Project Showcase and Discussion

Julia Flanders and Sarah Connell


Textual Corpora and Computational Text Analysis Project

This assignment is designed for an undergraduate class focused on the ways that digital tools and methods can be used to support diversity, equity, and inclusion. The class is typically a mixture of English and Computer Science majors; this assignment is part of the second major unit in the course, following a text encoding project. The word2vec assignment follows an introductory activity in the text analysis unit, in which students experiment with web-based analysis tools to compare two related documents and write blog posts about their findings on the class WordPress site. In the word2vec assignment, students are asked to develop research questions, which can be on any topic, and then assemble corpora related to their questions; they learn how to train and query word embedding models using R and RStudio Server, then write up their results in blog posts for the class site. This is a complex assignment and one that requires substantial in-class workshopping, not just on technical skills but also on developing research questions, building corpora, and identifying queries that can help answer the research questions.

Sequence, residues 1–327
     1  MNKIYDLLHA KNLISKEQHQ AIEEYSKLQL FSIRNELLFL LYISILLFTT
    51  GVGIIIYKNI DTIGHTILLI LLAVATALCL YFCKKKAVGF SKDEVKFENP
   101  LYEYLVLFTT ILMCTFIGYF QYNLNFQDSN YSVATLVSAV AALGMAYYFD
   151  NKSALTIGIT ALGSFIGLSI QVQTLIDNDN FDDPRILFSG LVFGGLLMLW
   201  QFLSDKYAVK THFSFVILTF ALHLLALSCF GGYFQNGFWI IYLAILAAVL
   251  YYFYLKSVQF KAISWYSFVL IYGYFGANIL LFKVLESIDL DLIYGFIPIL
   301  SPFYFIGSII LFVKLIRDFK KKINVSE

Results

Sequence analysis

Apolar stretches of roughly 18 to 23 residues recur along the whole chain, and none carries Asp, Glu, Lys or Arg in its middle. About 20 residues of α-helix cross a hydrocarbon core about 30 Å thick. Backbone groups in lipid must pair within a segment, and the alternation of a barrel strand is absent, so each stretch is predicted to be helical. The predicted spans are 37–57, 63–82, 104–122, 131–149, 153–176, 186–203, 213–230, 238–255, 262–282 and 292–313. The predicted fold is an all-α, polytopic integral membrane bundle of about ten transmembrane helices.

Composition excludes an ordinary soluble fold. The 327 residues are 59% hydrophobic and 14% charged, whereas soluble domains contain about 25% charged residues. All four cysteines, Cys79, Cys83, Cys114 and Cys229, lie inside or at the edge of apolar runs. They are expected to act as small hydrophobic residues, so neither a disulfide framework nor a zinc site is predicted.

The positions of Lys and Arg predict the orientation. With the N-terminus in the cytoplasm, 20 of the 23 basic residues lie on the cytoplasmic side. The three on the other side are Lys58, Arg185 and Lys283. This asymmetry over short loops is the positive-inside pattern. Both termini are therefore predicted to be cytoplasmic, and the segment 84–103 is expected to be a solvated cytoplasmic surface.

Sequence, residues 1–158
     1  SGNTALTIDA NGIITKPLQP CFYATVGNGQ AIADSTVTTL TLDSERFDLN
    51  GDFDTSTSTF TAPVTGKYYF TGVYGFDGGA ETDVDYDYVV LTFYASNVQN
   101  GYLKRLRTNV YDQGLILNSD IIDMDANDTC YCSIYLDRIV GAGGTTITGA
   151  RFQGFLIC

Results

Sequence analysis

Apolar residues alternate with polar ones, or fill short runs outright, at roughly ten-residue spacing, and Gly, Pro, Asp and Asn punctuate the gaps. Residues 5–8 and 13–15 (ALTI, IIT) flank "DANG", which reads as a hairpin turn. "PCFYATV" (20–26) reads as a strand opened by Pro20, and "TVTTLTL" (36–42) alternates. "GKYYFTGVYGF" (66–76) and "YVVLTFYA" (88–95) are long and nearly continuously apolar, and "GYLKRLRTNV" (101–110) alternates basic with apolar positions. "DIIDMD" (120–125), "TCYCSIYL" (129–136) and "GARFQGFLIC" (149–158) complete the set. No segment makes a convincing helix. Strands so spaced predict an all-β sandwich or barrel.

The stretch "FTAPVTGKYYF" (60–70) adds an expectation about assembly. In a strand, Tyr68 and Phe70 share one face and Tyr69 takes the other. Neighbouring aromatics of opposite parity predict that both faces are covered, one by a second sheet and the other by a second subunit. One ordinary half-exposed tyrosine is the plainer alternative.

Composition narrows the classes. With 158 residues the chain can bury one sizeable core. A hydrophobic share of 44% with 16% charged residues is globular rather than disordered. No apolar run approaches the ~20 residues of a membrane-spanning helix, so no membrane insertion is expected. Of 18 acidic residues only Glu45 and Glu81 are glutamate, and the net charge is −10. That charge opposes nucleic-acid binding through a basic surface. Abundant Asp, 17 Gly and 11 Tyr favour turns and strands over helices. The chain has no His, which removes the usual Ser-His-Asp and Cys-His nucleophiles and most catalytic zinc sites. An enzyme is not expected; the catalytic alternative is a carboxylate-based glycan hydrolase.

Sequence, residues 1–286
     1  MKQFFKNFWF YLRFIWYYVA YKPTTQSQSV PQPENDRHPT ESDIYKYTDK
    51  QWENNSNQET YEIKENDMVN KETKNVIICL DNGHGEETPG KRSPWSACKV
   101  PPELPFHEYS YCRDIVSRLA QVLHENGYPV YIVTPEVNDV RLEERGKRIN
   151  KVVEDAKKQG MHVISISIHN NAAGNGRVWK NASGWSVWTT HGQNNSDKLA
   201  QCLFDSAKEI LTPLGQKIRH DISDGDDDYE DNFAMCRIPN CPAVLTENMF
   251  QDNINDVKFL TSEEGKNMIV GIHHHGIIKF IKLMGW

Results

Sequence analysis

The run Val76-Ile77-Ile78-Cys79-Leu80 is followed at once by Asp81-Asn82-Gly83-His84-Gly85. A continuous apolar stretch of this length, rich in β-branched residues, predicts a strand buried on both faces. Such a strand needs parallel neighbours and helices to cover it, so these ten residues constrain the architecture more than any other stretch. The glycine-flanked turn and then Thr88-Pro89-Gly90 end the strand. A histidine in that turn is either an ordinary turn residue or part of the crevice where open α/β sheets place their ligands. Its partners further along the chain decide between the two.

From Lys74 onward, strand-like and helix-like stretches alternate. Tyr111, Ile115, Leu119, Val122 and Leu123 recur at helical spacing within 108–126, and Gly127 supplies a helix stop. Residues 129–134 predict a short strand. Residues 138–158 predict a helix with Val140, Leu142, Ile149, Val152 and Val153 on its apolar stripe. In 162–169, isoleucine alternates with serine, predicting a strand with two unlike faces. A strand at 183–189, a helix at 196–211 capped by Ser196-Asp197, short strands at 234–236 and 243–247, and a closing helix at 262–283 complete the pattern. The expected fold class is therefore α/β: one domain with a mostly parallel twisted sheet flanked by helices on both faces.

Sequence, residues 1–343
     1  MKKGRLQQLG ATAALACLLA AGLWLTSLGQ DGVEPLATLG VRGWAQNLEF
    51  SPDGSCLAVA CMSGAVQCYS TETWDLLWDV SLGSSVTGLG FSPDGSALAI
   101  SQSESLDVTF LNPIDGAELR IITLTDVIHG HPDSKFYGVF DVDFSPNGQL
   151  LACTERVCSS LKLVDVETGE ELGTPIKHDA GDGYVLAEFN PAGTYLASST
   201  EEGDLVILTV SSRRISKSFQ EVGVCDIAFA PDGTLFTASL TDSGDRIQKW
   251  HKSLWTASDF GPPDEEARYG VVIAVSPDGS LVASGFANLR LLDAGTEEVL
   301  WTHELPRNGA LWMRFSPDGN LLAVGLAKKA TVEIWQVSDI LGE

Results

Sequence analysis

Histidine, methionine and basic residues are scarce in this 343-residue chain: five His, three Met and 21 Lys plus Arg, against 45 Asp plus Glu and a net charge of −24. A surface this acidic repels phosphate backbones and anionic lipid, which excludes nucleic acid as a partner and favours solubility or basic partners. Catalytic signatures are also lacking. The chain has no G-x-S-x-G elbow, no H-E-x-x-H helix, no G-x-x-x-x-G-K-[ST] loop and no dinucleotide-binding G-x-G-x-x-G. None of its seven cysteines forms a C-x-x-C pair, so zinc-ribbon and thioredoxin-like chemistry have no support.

Student Project: Gender Representation in Popular Culture

This first example student project examines the ways that gender is represented in popular periodicals. The student constructed two corpora—one from Vogue and one from GQ—to study how periodicals aimed at women and men differ in their language usage and representations of gender. The comparative approach can be particularly productive; it takes more work, because the students need to build two corpora, but it also provides a clearer way to see what is distinctive or notable about each corpus.

Lowercasing and removing punctuation is standard practice, and most projects will also remove metadata as this one did. Other data preparation decisions can require more thought—for example, this student determined that advertisements, while not part of the primary contents of each magazine, also contribute to the social norms that periodicals produce and so elected to keep them.